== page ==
Evaluating the ISA 88 standard for batch control
The overall goal is to manufacture high-quality products with the perfect blend of ingredients, with the most accurate process parameters, and at the lowest possible cost. Attaining that ideal is often called "The Golden Batch."
If a company is still trying to create its own vision of "The Golden Batch" using controls based on programmable logic controllers (PLCs) and distributed control systems (DCS), there’s nothing wrong with that. However, controlling production using batch execution software should be considered. Batch execution software has improved substantially in reliability and capability over the last few years due to implementations from life science companies.
Using the ISA88 standard for batch control systems
Both approaches to "The Golden Batch" are based on the International Society for Automation (ISA)88, Batch Control standard, which is designed to: "Provide standards and recommended practices as appropriate for the design and specification of batch control systems as used in the process control industries." The ISA88 standard provides a structure for batch processes that breaks tasks down into their smallest controllable parts and assembles a recipe based on those components.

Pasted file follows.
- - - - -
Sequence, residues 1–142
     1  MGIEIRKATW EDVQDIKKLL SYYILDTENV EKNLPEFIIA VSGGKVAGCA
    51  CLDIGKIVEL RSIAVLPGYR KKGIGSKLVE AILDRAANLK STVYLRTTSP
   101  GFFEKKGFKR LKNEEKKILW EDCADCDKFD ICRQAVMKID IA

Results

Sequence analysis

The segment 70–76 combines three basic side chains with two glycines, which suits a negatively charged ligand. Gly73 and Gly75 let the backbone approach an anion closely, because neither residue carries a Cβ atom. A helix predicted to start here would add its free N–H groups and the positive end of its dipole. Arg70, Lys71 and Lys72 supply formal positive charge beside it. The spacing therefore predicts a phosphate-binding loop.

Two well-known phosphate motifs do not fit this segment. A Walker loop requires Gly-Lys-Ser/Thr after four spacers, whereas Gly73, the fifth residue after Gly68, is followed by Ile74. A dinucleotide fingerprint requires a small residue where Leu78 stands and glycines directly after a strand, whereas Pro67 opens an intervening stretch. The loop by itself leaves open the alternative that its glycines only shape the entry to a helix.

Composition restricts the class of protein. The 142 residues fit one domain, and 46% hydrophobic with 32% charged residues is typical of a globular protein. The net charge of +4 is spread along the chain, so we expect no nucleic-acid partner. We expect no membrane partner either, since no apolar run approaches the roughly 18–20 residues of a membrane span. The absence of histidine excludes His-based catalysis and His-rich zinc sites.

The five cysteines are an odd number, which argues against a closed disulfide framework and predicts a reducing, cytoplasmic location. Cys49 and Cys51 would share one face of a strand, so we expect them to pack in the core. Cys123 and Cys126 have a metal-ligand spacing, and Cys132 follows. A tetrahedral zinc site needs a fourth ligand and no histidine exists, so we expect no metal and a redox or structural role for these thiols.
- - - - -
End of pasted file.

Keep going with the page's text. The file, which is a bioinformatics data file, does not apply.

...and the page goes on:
ISA88 is more than just a standard for software or equipment, it provides a consistent way of looking at batch—a design philosophy. The ISA88 standard brings consistency to the batch model. It establishes the terminology and protocols that allow companies to analyze and understand how batch operations will perform to help keep projects on track with project goals regardless of how automated or manual the processes may be. While it provides the guidelines and structure needed to achieve "The Golden Batch," it still doesn’t answer all the questions encountered during the process.
Depending on the status of a project, it may not be beneficial to use ISA88. If you’re working on a "brownfield" project that’s replacing more than 50% of an existing system, or if the system or facility installation is new or represents a major change to a plant or processes, then there’s an opportunity to implement the logic and order of an ISA88-based architecture. If, however, the changes are that extensive, a major ISA88 implementation may not be worth the effort.
Assuming an ISA88-based approach is being implemented to achieve "The Golden Batch," there are legitimate reasons deciding between a PLC/DCS-based controls or batch controls approach. However, sometimes an apparent benefit may mask a less-desirable outcome.
For example, with a complex process for which there are no standardized components to leverage—batch controls are most appropriate for mechanical processes that can be pre-validated such as transferring a product into or out of a vessel. If those elements don’t exist, consider custom code.
While writing a PLC/DCS system from scratch gives developers the ability to take "poetic license" with the ISA88 model where they feel it’s appropriate, programmers will need to foresee all eventual conditions and all possible phase-to-phase scenarios.